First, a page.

What we knew was that several strata of popcorn ice sheets lay across Moose Lake, running east-to-west and that we could navigate around and through them to open water clear up to Prairie Portage. Forest Service had flown over the lakes early that morning and relayed the intel so off we went.Punch through ice on moose

What we didn’t know was that 2 large strata of this deteriorating ice had drifted south and were completely blocking our way! My team swung our towboat around the back side of the island (pictured above in middle photo) and we proceeded to punch our way through to the next width of open water. I breathed a sigh of relief but not for long. Blocked by yet another ice flow, our pilot swung the boat around behind an island on the western shore of Moose, hoping to find a passage north. I was beginning to feel like Henry Hudson searching for the great Northwest passage in the services of what would eventually become the Dutch West Indies Company.

Fortunately for me, I didn’t have to bail out and camp on Moose. We eventually picked, punched, poked and ran our boat through to open water at the northern end of Moose and were soon speeding up the lake to Sucker. As we dodged the pineBW Falls PP-studded islands of Sucker I knew I was on my way to Prairie Portage.

We carefully landed my boat and gear on the Canadian side of Basswood Falls which was roaring from melting Spring flows. I explored the rangers’ station which was still closed, self-registered and soon was off, paddling up narrow channels to Birch lake. More ice thwarted me at a couple of turns and I had to beach on one campsite to get a late breakfast and figure out a strategy but I was soon paddling again in the beautiful warm sunshine, wind-free to my first of 4 portages up the Knife river.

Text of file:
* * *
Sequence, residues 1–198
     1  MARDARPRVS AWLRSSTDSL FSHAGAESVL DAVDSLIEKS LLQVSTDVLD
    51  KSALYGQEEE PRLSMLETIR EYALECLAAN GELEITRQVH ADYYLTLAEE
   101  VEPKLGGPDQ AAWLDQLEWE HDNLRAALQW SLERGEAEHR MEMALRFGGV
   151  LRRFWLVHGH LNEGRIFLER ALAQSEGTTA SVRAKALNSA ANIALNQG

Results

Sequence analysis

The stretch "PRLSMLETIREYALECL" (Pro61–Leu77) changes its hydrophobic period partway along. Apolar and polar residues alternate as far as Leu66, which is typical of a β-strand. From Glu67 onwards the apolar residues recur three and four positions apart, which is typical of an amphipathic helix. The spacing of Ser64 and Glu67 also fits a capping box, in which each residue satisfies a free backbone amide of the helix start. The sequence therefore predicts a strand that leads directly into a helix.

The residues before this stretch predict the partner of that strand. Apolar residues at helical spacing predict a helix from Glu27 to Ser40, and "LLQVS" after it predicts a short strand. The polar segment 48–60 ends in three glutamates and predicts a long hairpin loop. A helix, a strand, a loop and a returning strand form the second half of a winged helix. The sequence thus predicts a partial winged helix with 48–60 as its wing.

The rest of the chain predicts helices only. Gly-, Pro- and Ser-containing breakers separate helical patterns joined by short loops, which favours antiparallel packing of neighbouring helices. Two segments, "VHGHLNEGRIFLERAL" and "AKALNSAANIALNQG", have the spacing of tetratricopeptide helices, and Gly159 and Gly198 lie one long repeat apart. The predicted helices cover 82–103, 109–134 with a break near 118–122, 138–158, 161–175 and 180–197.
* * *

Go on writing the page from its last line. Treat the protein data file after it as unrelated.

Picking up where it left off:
Ice on Birch

Ice on Birch

Finishing my last exhausting carry towards late afternoon, The Knife Portage, I shoved off against a strong current threatening to sweep me back over the rock-strewn rapids and riffle. As I paddled out into Knife Lake, I knew I needed a campsite and water soon to rehydrate. What I saw took my breath away. Out on the horizon a cluster of islands lay ahead surrounded by what appeared to be floating shelves of steely, dark-blue water. But something was wrong as the water did not undulate or stir and then I realized I was gazing out over a completely frozen Knife Lake. Yikes! Fortunately for me, a channel was opened to the one and only island with campsites through a torturous path of white and dark ice flows, studded with popcorn-like shards. Carefully navigating the frigid waters, I landed on Robbins, exhausted, thirsty, and famished. Making camp, I finished camp chores and took some photos before flopping in my tent for an early bed.